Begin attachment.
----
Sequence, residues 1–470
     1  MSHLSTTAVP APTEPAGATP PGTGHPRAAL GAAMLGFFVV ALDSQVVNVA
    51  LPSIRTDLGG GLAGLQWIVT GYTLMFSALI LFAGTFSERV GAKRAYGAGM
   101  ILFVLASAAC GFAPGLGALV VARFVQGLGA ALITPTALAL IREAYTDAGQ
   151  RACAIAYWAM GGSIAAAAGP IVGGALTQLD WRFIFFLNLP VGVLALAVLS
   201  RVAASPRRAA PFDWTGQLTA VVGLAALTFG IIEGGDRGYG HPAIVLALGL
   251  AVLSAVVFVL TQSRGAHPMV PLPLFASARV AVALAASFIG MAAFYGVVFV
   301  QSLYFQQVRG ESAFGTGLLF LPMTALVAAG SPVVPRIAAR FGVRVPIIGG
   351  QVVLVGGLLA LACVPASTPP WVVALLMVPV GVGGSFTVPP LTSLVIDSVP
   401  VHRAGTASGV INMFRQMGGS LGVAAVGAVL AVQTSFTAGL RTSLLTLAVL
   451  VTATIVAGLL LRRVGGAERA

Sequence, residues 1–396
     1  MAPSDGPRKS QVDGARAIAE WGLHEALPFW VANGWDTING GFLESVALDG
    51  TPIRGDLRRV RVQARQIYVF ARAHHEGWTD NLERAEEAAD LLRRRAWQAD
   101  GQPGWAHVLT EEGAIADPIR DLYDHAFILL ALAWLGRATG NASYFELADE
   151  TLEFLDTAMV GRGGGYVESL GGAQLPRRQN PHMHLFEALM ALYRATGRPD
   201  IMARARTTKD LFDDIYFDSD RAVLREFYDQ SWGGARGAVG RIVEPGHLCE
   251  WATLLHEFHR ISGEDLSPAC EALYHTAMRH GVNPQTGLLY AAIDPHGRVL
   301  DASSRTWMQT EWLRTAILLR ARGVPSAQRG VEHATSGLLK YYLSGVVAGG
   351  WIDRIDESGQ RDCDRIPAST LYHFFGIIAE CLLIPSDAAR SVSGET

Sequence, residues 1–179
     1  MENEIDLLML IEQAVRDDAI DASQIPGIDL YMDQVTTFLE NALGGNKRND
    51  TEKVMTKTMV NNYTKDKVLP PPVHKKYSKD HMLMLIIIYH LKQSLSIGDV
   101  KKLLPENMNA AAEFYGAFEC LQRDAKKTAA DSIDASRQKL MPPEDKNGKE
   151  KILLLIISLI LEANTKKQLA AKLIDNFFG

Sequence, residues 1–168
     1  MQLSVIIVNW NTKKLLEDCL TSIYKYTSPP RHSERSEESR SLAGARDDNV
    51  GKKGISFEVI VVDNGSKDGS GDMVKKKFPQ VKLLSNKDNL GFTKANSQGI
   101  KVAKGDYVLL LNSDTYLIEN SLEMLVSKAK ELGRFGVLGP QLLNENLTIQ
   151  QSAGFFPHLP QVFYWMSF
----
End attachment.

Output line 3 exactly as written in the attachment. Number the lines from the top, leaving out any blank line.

    51  LPSIRTDLGG GLAGLQWIVT GYTLMFSALI LFAGTFSERV GAKRAYGAGM